# Axial symmetry Figures with their axes of symmetry (dashed). The figure at the bottom right is not axially symmetrical.

Axial symmetry is the mirror-image arrangement of characters on both sides of an imaginary line. In the geometry are axial symmetry or axial symmetry similar designations that property. A figure is called axially symmetrical if it is mapped onto itself by the vertical axis reflection on its axis of symmetry .

In the case of a two-dimensional figure, axial symmetry is synonymous with mirror symmetry . In three-dimensional spaces, on the other hand , the axis symmetry corresponds to a rotational symmetry around 180 ° (while the mirror symmetry in three -dimensional space is a symmetry to a plane of symmetry ).

## definition

A figure is axially symmetrical if there is a straight line g, so that for each point P of the figure there is another point P 'of the figure (possibly identical to P), so that the connecting line [PP'] is bisected at right angles by this straight line .

A plane figure F is called axially or axially symmetric if a straight line g can be specified in its plane so that F is converted into itself by mirroring at g.

The straight line g is then called the axis of symmetry .

## Examples

• As you can see in the adjacent figure, the square has exactly four axes of symmetry. Quadrilaterals that are not squares have fewer or no axes of symmetry. A rectangle , for example, still has two axes of symmetry, namely the two perpendicular perpendiculars on the opposite sides and the isosceles trapezoid , the dragon square and the anti-parallelogram still have at least one axis of symmetry.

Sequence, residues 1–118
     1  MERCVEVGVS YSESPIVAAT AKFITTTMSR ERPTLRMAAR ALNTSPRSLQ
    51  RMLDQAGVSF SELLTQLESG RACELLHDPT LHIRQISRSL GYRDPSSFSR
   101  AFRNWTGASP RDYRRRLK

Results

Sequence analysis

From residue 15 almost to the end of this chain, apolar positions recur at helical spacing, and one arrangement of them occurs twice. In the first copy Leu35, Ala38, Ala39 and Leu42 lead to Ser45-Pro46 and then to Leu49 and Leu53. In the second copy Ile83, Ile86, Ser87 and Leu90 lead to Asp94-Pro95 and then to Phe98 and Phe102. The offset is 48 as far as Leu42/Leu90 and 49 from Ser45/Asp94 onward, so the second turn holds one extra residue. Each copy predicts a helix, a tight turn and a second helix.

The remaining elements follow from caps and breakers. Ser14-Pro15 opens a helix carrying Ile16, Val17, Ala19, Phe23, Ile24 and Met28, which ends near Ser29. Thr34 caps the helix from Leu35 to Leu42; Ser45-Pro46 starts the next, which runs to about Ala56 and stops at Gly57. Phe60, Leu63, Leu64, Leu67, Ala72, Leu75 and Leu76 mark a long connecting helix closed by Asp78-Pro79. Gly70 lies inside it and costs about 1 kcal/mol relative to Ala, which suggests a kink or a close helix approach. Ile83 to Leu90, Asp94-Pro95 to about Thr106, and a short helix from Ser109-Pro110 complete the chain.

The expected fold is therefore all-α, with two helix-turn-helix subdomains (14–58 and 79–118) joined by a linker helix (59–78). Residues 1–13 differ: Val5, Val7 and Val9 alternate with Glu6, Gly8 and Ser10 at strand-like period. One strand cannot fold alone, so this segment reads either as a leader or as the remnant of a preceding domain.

• The circle even has an infinite number of axes of symmetry, since it is symmetrical with respect to every diameter.
• Another figure with an infinite number of axes of symmetry is the straight line . It is infinitely long and therefore symmetrical with respect to each axis perpendicular to it, as well as the axis lying on itself.
• Not only 2-dimensional figures can be axially symmetrical. The sphere is axially symmetrical with respect to every straight line through the center point. This should not be confused with plane symmetry. The sphere is also plane symmetrical. That is, it is symmetrical about a reflection about a plane that contains the center of the sphere.
• The cuboid is also axially symmetrical.
• The graph of the cosine function is also axisymmetric to the y-axis . The topic of axially symmetric functions is discussed in more detail in the following section.

## Axial symmetry of function graphs

### overview